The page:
I'm not sure of the name of this plant. It doesn't grow too quickly, maybe one or two inches each year.

Is the growth in the bottom picture a root? Can I clone this plant from that?

(Click on the pictures to see closer views.)


possible root

  • Can you post a better image, one that shows, in focus, the foliage and more of the stem or trunk, preferably taken in bright daylight please?
    – Bamboo
    Commented Dec 19, 2017 at 15:46

2 Answers 2


This is definitively a Yucca elephantipes. Not Dracaena.

It is indeed an air root coming out of it. However, this plant is one of the easiest to propagate, you can just cut of the top of the stem or your rooted shoot and put it in the ground. No hormones or sterile soil needed. Also without these air roots it will work out fine, just make the soil not too moist (it will cause rot). I have done this many times with my own Yuccas. You can even cut the main stem in pieces (of ~10 cm) and put them in the ground, they will all grow into new plants. From my own experience, best time to propagate is in spring time, not now during the winter.

This plant is very easy to keep and maintain, the only tricky part is watering it too much. The roots will then rot. Furthermore, try to dust the leaves off once in a while. You can do that with a damp cloth.

  • 1
    I'm not convinced its Y. elephantipes - the patterning on the stem isn't quite right, much more dracaena like, though the leaves are somewhat narrow for D. massangeana, but what I'd really like to see is a clear, in focus picture...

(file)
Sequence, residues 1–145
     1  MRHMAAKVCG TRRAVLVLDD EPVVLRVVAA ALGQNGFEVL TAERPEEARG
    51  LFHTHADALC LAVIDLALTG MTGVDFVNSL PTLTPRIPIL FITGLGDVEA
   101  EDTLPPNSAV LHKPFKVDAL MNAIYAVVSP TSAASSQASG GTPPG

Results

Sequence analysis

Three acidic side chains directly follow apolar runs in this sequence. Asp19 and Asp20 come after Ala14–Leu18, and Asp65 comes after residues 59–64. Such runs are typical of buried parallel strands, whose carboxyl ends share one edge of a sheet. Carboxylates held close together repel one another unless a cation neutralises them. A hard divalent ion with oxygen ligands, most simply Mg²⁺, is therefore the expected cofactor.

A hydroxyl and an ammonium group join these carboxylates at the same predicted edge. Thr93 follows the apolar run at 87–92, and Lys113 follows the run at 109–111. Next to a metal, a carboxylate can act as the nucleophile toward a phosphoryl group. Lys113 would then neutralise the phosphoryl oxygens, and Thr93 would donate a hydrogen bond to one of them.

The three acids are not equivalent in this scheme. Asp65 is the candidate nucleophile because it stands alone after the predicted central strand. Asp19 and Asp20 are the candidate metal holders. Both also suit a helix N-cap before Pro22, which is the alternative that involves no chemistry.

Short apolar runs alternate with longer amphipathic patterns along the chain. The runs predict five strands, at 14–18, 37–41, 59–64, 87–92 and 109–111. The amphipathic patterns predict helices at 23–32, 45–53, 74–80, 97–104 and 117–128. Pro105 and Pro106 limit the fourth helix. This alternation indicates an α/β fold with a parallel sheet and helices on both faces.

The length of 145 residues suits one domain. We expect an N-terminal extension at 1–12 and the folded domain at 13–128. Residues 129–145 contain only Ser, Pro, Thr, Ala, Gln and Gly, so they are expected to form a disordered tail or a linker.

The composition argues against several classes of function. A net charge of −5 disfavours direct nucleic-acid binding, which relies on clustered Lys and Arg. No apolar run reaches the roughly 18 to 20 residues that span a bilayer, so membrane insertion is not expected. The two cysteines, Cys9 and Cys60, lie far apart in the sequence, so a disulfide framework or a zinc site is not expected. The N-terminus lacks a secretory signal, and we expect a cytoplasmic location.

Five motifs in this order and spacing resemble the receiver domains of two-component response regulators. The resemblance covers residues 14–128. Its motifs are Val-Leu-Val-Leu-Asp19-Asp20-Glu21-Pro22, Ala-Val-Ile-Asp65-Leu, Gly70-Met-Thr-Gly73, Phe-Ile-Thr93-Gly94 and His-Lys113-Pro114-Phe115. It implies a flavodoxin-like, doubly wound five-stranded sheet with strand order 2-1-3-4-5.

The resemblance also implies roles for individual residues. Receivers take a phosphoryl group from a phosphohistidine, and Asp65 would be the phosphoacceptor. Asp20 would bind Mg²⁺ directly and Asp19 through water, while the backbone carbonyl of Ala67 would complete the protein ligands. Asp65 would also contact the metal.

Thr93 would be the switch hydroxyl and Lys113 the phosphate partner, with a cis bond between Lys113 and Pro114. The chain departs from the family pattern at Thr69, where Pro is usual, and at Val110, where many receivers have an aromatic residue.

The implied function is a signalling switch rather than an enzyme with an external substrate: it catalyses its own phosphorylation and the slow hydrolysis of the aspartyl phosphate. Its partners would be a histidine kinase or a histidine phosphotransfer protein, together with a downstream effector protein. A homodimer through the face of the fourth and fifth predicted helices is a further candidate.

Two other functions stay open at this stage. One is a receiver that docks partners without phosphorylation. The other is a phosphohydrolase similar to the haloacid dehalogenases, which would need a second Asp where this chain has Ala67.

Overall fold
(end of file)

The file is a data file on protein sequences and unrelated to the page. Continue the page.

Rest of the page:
– Bamboo
    Commented Dec 19, 2017 at 15:46
  • I have Yucca myself at home, one did also make a root like this. I didn't make picture of it, and pruned it last years. I am 100% certain of Yucca, maybe more photos of the whole plant.
    – benn
    Commented Dec 19, 2017 at 15:48
  • The thing that gives me pause, the trunk pattern, is demonstrated here plantsrescue.com/tag/yucca-elephantipes (thumbnail in a row of three) when compared with this plantsarethestrangestpeople.blogspot.co.uk/2008/02/…
    – Bamboo
    Commented Dec 19, 2017 at 15:50
  • When yuccas are grown in the living room, the leaves become long and start to hang just like this one. The stem of Yucca is pretty similar to your Draceana, but leaves don't fit.
    – benn
    Commented Dec 19, 2017 at 15:56
  • Its the stem pattern that's different - otherwise, from the pics available above, its quite difficult to tell which it might be... but I agree re the narrow leaves, although the actual colour of the leaves is too yellow, if the colours are accurate in those pics, its hard to tell
    – Bamboo
    Commented Dec 19, 2017 at 16:08

To clone this plant using that 'adventitious root' with photosynthesizing leaves will most certainly work. Are you wanting to grow another plant or would you like to make sure this one survives? Your pictures are very fuzzy. Is the mother plant healthy?

I am thinking that Bamboo's ID is closer than my original,marginata. Massangeana is closer if not perfect.